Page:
Tag Archive for: Karate
Performing kata can be a nerve-racking experience. However, if you can maintain your composure and work your way through the kata carefully end to end you will find it a very rewarding activity.
There are some key things to consider when doing your kata. Judges do not necessarily know the kata you are performing so the way it is judged is not on the kata movements specifically but on your execution of the kata.
Key aspects such as Eye and Head movement, Crisp strikes, and blocks with balanced movement are being looked for.
- Conformance (to kata) Using the actual movements as performed in the kata.
- Technical overall performance
- Stances & Techniques
- Transitional movements
- Correct breathing
- Focus (kime)
- Technical difficulty
- Strength & Speed
- Athletic performance
- Speed & Timing
- Kata is not a dance or theatrical performance. It must demonstrate strength, power, and speed — as well as grace, rhythm, and balance.
If you make a mistake do not freak out. Just keep going as though you did not make a mistake. Display confidence in your execution.
Take your time, do not rush. Keep your head up and track your strikes and blocks clearly with your eyes and head. Breath throughout the kata exhaling on strikes and blocks.
The best tip for performing your kata is “PRACTICE”. Ensure you have practiced your kata again and again so the movements are second nature and you do not have to think about them too much. A great way to practice is to video yourself doing your kata and then review using an eye with the above items in mind See what you need to change and then repeat the process.
Kata is a rewarding and excellent teaching activity. Focus on the movements and techniques involved and break apart what you have, looking at possible applications.
Unfortunately, over the years I’ve noticed that many of those interested in karate in general don’t have a solid understanding of what kata is actually for and what it’s really intended to do.
Therefore, their opinions about its worth are often stalled or go off in directions that lead nowhere productive.
There are, in fact, a number of misconceptions about kata.
Among the more obvious are the following:
“A kata tells a story.”
No, it doesn’t. Combat — even a simple confrontation — is enormously chaotic and unpredictable. No “story” could be implemented that could be even remotely applicable to the spontaneity of a fight.
“A kata allows us to practice the more deadly techniques of karate.”
No, not if you’re just going through the motions.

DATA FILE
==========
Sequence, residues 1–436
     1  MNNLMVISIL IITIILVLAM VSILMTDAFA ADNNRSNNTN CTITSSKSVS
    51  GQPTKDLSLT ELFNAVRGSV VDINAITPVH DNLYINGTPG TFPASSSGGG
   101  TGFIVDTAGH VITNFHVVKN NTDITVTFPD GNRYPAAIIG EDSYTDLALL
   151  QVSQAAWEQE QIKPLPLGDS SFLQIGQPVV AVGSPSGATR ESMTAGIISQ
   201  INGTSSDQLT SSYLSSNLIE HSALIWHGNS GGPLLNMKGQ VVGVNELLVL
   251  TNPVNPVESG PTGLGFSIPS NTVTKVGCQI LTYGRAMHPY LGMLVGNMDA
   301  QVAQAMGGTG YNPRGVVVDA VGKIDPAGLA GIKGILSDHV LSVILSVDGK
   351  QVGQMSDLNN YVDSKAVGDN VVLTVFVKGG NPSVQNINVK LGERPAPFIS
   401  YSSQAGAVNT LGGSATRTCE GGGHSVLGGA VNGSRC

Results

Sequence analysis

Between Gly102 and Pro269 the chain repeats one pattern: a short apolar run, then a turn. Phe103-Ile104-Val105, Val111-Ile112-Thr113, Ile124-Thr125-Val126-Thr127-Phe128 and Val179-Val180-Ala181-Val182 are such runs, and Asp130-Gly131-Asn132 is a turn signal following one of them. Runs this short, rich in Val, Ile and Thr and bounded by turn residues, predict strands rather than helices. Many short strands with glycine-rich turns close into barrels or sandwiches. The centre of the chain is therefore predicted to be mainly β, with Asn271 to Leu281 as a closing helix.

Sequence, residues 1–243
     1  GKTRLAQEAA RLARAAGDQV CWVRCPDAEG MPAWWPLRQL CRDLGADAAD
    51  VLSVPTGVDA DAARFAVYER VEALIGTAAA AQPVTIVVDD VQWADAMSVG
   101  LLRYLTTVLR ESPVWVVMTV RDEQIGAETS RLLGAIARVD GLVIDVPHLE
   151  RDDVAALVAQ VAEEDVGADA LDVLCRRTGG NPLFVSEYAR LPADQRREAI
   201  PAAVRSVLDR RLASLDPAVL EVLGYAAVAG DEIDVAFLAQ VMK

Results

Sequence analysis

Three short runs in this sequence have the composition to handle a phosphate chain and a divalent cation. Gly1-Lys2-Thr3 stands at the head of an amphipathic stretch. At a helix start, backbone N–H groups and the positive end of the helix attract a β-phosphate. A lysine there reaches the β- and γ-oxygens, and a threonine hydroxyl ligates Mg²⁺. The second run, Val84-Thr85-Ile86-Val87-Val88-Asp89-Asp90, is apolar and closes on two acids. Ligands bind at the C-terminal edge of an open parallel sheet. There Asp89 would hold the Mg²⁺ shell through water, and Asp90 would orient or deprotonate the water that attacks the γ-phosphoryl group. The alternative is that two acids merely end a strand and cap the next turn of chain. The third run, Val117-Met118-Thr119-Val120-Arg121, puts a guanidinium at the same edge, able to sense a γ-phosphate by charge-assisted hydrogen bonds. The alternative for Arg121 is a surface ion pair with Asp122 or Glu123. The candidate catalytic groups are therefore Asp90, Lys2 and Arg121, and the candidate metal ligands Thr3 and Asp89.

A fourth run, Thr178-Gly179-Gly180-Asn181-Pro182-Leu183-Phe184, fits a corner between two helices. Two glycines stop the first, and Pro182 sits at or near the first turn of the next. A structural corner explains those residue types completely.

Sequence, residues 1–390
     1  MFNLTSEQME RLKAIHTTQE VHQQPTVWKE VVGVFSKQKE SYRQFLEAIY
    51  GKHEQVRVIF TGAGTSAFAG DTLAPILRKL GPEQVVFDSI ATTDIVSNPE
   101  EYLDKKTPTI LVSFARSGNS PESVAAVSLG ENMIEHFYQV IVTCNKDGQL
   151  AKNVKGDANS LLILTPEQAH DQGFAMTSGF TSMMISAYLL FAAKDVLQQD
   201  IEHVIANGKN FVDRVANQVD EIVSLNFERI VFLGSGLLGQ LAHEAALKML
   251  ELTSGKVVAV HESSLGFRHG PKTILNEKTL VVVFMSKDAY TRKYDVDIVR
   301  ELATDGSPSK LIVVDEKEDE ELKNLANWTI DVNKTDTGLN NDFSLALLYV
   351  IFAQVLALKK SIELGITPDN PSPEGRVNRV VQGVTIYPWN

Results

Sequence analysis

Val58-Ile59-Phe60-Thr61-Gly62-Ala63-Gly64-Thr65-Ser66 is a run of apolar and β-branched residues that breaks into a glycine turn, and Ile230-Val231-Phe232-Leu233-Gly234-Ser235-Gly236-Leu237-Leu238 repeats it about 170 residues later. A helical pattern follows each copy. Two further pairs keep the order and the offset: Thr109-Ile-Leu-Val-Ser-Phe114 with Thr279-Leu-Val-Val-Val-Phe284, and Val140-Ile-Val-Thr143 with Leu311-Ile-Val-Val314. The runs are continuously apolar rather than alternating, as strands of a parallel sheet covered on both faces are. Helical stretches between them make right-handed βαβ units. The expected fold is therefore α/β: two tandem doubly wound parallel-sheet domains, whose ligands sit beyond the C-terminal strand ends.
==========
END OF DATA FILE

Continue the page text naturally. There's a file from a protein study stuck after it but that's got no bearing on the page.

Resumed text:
A finger stab done 10,000 times against an imaginary opponent’s eye doesn’t teach you any more about the effectiveness of that technique than doing it once. All the kata repetitions in the world won’t change that. A kata is just a combination of techniques, randomly assembled. Feel free to create your own; it’ll be just as valuable.
Understanding the true role of kata in karate-do depends to a considerable extent on a familiarity with the three pillars that support it. Grasp these concepts and you’ll find it easier to see the place of kata in your training and to make informed judgments about its practice.
It’s easy to look at a kata from outside and conclude it’s an arbitrary arrangement of techniques. A kata has structural integrity. The movements may be fast and light, or slow and heavy, but they make sense. They’re applicable. Standing on one leg and unleashing flippy kicks at head height while rotating in a circle might look impressive, but there’s no solidity, no proper application of power. Watch a karateka do a kata and they should be balanced, their body integrated, and all parts coordinated. You won’t find them tumbling or upside down. That’s because the kata has structural integrity.
Shin, or “mind,” is a familiar term to martial artists. In this context, it refers to the coherence of the kata. If you think of kotai as the bones of the kata, shin is the collection of muscles that allow it to articulate. Those muscles have to work in concert.
Ever see a kata in which the performer does a split or some other spectacular motion? Remember what happened next? Probably not. The movements of most contrived kata tend to be very fast and spastic. But in almost every case, if you could watch the kata in slow motion, you’d see that the move following one of those dramatic actions is weak, largely meaningless in a combative sense. The performer has to stand up or reorient himself. The kata stops, in effect. Then it restarts. It’s disjointed. There’s no smooth articulation.
In a real kata, there’s a flow. The components work together.
A real kata — one generated over a long period and by those who knew what they were doing and practiced by someone who’s been correctly taught it — has intent behind it. There’s a unifying set of principles. In some, these principles will be rapid movement, either in and out or laterally. In others, it will be a strong sense of predation — karateka doing it looks like a tiger stalking prey.